As the fifth rider to enter the timed special this morning, Toby Price maintained a solid pace through the rolling dunes while aiming to conserve both himself and his KTM 450 RALLY on this first leg of the event’s marathon stage. The Australian slipped from third to sixth overall, almost four-minutes back, after finishing eighth on the day.
“Stage two has been good, but just like yesterday, I’m struggling to read the terrain a little and find a good rhythm. The dunes were very similar to stage one, with some having big drops on the far side and others just rolling nicely. It seems every time I try and get my head down and attack, I find one of the dunes with a huge drop and it knocks my confidence a bit. My pace is still good and I’m well in the race, I just need to stay focused and keep it up. Physically I feel great and on this first half of the marathon stage, the bike has been perfect. So all good to go ahead of tomorrow.”
A small technical issue cost Skyler Howes some time on the special, but the Dakar podium finisher was able to overcome the problem to place third on the stage and is now eighth outright but still under six-minutes downon the leader.
“It’s been a slightly stressful stage for me today. My pace out there was really good, especially in the first half of the special. When I came into the refuelling, I found I had a small leak and after investigating, it turned out that just a single rubber seal had torn slightly. It continued to leak for the rest of the stage, and because I was going to be tight on fuel towards the end, I did have to ease back a little, short shifting and trying to conserve as much gas as I could. At the end of the stage, we only had 30 minutes to work on our bikes, but thanks to the help from my teammate, I think we got the problem sorted. So, fingers crossed it holds for tomorrow as we have a long way to go.”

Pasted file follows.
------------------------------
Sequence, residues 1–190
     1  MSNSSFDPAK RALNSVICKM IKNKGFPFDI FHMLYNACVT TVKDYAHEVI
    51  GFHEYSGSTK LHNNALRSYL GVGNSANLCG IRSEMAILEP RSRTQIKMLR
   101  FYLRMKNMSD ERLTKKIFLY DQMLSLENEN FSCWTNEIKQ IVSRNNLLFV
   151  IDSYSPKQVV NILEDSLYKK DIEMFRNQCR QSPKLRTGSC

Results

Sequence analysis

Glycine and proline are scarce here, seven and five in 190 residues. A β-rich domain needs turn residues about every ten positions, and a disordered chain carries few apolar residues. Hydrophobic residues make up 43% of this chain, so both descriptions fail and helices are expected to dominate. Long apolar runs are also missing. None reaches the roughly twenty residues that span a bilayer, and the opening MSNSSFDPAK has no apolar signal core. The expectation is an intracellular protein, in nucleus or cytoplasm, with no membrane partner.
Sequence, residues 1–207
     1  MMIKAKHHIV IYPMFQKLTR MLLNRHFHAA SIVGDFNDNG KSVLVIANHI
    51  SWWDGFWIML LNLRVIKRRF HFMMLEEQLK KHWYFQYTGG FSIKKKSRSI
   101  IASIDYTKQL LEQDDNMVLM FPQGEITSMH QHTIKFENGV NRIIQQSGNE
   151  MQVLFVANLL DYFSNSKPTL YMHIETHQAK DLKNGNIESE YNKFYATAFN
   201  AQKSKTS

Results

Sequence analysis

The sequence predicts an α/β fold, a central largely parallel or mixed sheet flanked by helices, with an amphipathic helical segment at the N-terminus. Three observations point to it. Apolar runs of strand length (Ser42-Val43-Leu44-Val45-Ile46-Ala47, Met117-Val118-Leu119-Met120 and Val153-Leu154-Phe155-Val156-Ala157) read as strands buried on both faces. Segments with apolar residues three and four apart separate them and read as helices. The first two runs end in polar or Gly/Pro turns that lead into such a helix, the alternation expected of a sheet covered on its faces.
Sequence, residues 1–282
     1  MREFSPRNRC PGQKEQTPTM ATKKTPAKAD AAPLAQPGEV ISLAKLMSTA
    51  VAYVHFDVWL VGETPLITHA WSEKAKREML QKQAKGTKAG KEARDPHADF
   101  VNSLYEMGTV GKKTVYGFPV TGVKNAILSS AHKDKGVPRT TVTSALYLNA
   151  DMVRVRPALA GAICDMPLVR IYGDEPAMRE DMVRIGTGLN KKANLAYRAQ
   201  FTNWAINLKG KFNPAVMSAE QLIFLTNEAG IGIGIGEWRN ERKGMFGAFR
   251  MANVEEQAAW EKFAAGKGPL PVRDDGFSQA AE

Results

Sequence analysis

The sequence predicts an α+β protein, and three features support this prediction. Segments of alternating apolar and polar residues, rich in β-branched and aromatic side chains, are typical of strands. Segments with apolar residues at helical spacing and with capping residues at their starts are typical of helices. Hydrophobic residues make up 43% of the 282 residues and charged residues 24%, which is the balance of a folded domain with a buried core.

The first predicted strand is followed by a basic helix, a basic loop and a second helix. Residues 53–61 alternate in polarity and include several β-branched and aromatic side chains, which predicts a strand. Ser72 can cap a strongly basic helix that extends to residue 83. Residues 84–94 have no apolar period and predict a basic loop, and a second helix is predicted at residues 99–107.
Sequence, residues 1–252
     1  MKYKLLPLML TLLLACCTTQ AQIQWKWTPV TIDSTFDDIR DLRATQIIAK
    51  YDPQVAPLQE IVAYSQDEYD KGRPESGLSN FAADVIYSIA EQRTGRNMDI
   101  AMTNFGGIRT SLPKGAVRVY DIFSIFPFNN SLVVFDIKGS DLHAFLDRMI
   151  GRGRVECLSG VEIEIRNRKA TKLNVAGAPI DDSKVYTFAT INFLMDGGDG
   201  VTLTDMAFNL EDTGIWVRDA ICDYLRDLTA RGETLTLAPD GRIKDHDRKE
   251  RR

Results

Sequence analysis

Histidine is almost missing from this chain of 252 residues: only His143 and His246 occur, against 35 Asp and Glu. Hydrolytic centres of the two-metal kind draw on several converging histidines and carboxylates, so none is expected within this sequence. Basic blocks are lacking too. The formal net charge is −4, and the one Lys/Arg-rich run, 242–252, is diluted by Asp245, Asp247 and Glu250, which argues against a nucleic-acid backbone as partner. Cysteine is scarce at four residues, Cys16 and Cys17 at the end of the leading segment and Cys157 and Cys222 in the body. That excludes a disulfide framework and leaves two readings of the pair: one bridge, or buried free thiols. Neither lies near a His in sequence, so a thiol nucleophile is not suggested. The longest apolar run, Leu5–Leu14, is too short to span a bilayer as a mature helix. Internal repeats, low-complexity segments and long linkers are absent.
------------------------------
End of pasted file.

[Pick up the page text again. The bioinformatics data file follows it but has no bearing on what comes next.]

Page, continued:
In the Rally2 category, Paolo Lucci (BAS World KTM Racing) prevailed over the rookie Tobias Ebster (SRG Motorsports). He also put some time into Jean-Loup Lepan (Duust Diverse Racing), Toni Mulec (BAS World KTM Racing) and Konrad Dąbrowski (Duust Diverse Racing). The Italian is over 14 minutes clear of Dąbrowski and almost 15 minutes ahead of Lepan in the W2RC standings for the race.
At the finish in the bivouac, as part of the marathon stage, the RallyGP riders were given half an hour to service their motorbikes without external support, while the Rally2 riders got an hour.
Tomorrow’s Stage 3 will keep the same competitive scheme, with another tour around Qasr Al Sarab and many dunes and sand to race in the depths of the Empty Quarter. Special stage will be 266 kilometres long plus liaison of 37 km. This is a very demanding challenge for all riders, since they are racing in marathon mode – meaning they can’t count on the assistance and back up from the team.
Stage 2 Abu Dhabi Desert Challenge 2023